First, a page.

In general, the degree of CP variability increases sharply with frequency. Recently, after several epochs without detection, we have detected strong CP with an inverted spectrum at 22 and 43 GHz using the VLA. The analysis of this new result is not yet complete but the preliminary result suggests that the CP spectrum rises during flares into the millimeter regime.
Interpretation of the CP results is not yet certain. The variability suggests a two component model that includes a steep-spectrum quiescent phase and frequent inverted-spectrum flares. Under this scenario there are two distinct origins for the CP, originating in the low and high frequency components of Sgr A*. In jet models, these are more and less compact regions, respectively. In ADAF models, the high/low frequency component originates from non-relativistic/relativistic electrons in the flow.
Gyrosynchrotron radiation is a natural model for the high frequency component of the CP. It originates from non-relativistic electrons in a strong field and produces low LP-to-CP ratios. However, this is certainly not the only possible model. Synchrotron radiation can produce low LP-to-CP ratios under certain conditions. This can include the effects of linear-to-circular conversion, which is believed to be active in 3C 279 (Wardle et al. 1998). Finally, birefringent scattering, in which a magnetized region scatters LCP and RCP differentially in angle, could play role if the natural steep spectrum that it produces can be accounted for. Any model must explain the low LP-to-CP ratio, the inverted spectrum of CP and the nature of the variability. Detailed modeling of the source is probably necessary.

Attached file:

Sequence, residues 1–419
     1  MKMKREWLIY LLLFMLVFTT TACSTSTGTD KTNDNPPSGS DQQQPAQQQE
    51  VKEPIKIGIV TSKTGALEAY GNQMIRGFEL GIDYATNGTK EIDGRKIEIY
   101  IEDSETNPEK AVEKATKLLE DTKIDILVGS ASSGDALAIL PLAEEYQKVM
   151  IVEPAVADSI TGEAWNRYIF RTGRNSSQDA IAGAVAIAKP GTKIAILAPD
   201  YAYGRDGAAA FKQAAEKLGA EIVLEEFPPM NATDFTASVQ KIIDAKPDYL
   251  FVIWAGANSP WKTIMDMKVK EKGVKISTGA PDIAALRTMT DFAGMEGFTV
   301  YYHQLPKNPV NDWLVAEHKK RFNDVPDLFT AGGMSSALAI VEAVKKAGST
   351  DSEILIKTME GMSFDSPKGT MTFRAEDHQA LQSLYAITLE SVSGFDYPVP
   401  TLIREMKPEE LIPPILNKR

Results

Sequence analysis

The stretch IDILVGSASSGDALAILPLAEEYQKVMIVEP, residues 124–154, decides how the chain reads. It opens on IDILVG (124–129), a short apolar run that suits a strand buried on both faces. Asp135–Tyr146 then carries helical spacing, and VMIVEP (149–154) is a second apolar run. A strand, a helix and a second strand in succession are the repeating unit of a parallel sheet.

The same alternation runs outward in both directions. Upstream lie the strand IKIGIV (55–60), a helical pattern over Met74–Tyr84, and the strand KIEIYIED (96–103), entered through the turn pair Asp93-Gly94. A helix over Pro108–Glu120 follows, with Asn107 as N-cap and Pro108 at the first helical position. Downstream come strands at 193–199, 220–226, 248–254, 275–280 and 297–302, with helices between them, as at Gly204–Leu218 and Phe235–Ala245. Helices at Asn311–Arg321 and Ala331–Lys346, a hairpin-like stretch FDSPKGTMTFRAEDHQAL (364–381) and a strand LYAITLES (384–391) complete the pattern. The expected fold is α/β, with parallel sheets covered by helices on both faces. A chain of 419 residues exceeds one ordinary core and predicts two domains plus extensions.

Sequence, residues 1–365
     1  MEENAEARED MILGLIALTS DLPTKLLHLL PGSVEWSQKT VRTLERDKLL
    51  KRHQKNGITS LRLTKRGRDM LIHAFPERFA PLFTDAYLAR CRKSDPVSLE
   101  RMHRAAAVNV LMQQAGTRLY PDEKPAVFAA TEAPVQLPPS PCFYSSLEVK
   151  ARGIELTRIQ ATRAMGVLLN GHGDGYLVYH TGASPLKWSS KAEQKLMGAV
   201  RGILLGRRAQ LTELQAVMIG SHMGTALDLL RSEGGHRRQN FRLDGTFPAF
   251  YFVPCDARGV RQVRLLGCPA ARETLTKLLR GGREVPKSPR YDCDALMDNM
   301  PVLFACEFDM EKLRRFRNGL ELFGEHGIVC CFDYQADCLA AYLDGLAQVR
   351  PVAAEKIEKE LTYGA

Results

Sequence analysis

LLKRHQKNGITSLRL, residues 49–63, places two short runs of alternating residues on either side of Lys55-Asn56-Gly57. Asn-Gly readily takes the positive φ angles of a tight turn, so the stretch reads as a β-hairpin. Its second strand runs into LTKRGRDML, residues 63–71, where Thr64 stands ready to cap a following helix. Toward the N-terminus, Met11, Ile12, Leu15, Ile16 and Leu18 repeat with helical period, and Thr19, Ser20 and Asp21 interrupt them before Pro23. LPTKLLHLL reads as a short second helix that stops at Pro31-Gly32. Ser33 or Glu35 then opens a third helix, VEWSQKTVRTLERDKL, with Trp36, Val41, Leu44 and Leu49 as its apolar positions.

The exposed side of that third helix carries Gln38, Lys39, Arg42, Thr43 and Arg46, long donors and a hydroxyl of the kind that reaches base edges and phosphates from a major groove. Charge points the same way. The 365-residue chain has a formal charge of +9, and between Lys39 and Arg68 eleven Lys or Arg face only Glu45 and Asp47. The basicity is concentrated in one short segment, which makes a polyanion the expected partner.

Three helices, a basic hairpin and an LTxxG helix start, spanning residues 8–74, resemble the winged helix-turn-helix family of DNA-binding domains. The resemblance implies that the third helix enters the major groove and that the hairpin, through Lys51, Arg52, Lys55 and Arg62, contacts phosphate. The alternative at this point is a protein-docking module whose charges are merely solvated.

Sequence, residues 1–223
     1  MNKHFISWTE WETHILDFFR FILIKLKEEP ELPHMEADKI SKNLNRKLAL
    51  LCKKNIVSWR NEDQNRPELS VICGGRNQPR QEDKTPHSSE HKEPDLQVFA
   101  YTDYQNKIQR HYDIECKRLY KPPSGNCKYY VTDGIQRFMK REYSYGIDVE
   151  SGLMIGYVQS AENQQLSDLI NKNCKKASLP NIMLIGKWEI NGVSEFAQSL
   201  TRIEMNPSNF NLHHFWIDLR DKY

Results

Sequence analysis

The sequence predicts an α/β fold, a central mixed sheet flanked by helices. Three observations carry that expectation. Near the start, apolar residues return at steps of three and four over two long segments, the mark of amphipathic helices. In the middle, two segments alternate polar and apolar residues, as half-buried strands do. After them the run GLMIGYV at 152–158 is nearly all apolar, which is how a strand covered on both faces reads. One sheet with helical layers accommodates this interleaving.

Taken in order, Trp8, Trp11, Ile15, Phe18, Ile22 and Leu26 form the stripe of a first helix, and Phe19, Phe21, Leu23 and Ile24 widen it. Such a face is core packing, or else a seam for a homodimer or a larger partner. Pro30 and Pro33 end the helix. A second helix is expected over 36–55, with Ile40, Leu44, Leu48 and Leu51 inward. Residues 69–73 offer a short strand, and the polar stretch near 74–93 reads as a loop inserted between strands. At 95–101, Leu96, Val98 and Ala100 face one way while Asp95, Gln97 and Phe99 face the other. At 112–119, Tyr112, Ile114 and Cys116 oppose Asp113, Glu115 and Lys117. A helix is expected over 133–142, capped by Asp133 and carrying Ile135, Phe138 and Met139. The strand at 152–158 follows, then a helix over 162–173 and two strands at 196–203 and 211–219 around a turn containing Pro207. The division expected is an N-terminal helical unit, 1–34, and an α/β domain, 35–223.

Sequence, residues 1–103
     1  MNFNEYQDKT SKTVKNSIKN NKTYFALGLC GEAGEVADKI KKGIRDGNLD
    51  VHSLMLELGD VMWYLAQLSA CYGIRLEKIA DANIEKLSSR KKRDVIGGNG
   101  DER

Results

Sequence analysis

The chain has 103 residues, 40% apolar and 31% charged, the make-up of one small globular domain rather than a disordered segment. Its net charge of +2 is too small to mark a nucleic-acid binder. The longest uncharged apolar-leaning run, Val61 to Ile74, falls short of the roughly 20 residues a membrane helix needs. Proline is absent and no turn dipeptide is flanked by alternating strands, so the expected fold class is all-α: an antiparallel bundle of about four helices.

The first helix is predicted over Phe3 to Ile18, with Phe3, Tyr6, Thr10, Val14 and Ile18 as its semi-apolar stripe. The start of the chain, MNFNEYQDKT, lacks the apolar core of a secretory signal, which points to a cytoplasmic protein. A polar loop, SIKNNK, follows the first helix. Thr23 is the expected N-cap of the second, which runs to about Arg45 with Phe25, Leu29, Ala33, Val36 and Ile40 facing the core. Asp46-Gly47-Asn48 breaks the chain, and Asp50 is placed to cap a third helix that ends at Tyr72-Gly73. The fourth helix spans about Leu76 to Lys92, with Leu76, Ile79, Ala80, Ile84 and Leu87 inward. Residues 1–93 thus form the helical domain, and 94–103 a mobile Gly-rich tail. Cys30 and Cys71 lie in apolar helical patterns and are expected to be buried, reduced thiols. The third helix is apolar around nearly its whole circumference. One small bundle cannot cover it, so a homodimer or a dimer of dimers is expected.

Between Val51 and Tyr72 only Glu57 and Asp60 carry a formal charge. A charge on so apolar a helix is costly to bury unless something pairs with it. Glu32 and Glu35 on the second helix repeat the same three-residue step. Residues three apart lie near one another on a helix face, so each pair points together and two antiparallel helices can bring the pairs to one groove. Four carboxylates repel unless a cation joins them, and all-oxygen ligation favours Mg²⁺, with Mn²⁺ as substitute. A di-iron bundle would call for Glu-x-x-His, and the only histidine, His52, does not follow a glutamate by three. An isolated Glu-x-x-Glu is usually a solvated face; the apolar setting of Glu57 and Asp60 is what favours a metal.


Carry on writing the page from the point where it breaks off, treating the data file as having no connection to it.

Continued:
Outstanding observational issues for the CP in Sgr A* are the relationship between CP and total intensity fluctuations; determining the turnover frequency of CP flares; and observing potential structural changes on the AU scale that are related to CP variability.
In the future, CP and LP measurements could be very important tools for understanding accretion flows, jets and their environments. Nearby low luminosity AGN, which are often associated with ADAF systems, are the first targets for these studies. However, before that we must ground our understanding of these behaviors in the best studied and most well-known AGN, Sgr A*.